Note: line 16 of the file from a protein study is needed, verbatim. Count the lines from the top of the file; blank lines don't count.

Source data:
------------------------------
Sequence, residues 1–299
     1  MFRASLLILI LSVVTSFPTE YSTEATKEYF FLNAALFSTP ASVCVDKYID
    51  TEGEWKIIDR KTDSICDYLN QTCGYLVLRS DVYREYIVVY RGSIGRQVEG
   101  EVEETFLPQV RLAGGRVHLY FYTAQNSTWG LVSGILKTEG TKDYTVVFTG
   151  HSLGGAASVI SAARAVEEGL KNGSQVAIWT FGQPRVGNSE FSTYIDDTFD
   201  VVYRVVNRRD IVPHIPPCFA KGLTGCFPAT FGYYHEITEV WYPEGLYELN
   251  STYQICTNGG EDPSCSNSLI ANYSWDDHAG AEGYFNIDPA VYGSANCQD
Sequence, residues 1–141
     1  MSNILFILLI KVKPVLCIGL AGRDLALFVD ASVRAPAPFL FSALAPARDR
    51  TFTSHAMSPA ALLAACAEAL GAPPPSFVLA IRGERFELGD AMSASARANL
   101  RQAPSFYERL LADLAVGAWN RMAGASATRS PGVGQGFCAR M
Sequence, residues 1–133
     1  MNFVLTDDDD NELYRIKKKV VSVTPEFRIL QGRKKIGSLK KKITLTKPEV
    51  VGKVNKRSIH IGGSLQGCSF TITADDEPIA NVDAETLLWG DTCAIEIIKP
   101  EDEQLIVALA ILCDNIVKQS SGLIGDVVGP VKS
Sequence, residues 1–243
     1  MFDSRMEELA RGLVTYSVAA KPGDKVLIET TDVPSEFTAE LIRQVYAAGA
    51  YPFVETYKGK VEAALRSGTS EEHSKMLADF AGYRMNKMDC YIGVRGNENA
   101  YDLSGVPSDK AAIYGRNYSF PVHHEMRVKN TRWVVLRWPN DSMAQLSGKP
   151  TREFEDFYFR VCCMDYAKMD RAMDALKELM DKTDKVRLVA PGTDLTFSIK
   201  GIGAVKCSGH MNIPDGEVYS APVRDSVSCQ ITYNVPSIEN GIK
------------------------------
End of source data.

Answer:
Sequence, residues 1–243